If that’s right, that would make this one of the smallest and simplest murals in town. And truly, how many murals are mostly a white wall? But the big red stripe and the red windows along with the black and white stripes seem to all tie together. Even the turquoise awning and window frame, which are surely not part of the mural, seem part of the whole. There is the artist’s intent and the viewer’s perception. Take your pick. Either way, this mural is indeed, as the plaque says, “simple yet conceptual.”

Located at 2301 12th Avenue South, at the corner with Linden Avenue. The mural faces north towards Linden. This is 12 South, and there is a mix of paid and free parking on 12th and on side streets.

Unfinished, Unknown

The exuberant, graffiti-style sign for A&B Towing has been up for well over a year, possibly much longer. But it is also distinctly unfinished. It’s hard to see in this picture, but the artist sketched out more of both the hook and the chain, but never completed them. For that matter, the rest of the word “truck” is stenciled in but was never painted, and that letting seems to in the midst of an unfinished editing process. I say “artist” because I don’t know who did this. There is an interesting dot, like a period at the end of the “Towing” banner, which is exactly where a signature would go. It otherwise doesn’t make much sense in the context of the rest of the mural.

Not all muralists sign their work, but the ones that do, don’t sign them until the work is done. So it would seem when the artist was about 90% done, they walked away. Why? It could be something mundane, or it could have been some sort of disagreement with the business owners. A and B Towing does seem to be active, but it also has no internet presence at all, so I don’t know much about it. And as it’s been at least a year-and-half, I really don’t think the artist is coming back. Not all art is completed, and some of the great masterpieces are unfinished works. This one is likely to remain a bit of a mystery.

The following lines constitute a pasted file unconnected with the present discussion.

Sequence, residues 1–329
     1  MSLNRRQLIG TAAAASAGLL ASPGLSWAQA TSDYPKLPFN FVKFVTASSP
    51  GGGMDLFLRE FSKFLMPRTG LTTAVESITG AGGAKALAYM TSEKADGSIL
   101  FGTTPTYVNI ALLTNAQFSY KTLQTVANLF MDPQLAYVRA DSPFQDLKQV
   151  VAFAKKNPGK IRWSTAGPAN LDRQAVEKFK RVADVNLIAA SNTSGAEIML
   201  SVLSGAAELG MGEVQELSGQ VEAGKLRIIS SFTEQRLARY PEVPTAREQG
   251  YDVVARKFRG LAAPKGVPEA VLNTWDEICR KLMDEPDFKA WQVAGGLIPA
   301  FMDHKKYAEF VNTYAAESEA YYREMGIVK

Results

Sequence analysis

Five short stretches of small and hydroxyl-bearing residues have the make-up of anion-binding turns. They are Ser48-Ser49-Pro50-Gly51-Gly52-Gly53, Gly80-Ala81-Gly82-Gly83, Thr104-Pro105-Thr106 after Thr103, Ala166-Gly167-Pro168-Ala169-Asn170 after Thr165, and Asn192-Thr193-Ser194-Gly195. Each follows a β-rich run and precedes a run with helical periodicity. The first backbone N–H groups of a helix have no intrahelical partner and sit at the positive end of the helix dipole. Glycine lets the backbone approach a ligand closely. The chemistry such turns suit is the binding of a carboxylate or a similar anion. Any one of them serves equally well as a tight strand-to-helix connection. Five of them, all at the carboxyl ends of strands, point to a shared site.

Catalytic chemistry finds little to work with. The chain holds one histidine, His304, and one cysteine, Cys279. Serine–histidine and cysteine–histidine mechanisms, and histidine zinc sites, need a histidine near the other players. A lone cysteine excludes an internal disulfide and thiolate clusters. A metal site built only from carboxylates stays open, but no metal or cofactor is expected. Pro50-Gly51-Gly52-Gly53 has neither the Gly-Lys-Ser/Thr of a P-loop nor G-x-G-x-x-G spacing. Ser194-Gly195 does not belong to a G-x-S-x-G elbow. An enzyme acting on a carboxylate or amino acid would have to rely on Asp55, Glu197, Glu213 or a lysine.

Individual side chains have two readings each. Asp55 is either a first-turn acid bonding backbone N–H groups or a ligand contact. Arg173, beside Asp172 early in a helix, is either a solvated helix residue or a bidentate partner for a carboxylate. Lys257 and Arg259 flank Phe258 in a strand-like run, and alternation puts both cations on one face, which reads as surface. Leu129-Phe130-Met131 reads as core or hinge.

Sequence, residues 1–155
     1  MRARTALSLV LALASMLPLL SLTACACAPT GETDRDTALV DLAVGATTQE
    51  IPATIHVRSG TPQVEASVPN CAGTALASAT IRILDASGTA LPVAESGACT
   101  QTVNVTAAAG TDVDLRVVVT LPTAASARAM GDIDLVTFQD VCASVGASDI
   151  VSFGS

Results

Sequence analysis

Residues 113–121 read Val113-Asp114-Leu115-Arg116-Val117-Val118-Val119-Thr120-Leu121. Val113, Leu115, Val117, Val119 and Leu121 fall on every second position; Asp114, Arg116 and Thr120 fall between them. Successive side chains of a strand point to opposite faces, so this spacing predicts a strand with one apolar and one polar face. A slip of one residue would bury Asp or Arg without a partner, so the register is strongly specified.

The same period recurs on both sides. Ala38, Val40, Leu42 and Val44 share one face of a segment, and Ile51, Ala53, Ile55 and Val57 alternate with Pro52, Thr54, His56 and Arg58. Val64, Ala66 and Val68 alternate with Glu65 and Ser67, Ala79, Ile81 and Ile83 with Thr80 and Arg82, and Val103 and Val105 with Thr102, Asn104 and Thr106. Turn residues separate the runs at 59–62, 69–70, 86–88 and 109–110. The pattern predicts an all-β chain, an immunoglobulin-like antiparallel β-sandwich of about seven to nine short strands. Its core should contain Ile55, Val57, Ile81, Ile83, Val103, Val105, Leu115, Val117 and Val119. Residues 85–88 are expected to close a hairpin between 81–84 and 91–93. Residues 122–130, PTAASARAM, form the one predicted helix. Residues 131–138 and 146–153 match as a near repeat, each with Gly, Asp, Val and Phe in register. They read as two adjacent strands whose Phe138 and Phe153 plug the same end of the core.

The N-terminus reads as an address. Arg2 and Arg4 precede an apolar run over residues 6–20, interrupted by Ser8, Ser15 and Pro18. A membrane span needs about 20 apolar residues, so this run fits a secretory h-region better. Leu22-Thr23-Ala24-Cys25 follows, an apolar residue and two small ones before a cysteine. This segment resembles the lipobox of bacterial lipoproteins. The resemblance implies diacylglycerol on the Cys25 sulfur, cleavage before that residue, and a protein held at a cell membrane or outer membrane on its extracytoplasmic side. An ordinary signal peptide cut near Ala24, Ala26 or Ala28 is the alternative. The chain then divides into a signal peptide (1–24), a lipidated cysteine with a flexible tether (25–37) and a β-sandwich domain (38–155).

Located at 707 East Trinity Lane, at the corner with Pittway Drive. The mural faces east, towards Pittway. There is parking at the building, and some street parking on Pittway.

Ghost Ballet for the East Bank Machineworks

Properly, this piece is called “Ghost Ballet for the East Bank Machineworks,” though I think most Nashvillians know it as “the roller coaster looking thing down by the river.” It is far and away one of the most photographed and recognizable works of public art in Nashville. Right across the river from Lower Broad, and an easy walk from there over the John Seigenthaler Pedestrian Bridge, it’s a major tourist site as well. So why haven’t I put it on the blog before? It is the blog avatar, after all. I don’t know, but I finally got it on the blog to mark a major milestone – 600 pins on the blog map. More about that later.

No, it’s not made from leftover pieces of the Opryland roller coaster, which is a persistent rumor in town. Rather, it’s the product of a national competition to build the very first piece of art commissioned under Nashville’s “Percent for Art” ordinance which sets aside one percent of any of Metro’s general obligation bonds for public art, administered by the Metro Nashville Art Commission, better known at Metro Arts.  The contest was won by Alice Aycock, who based her design on the history of the east bank as an industrial site. Completed in 2007, the piece is 100 feet tall, 100 feet wide, and 60 feet deep. It rests on the foundations of an old gantry crane that once lowered barges into the river.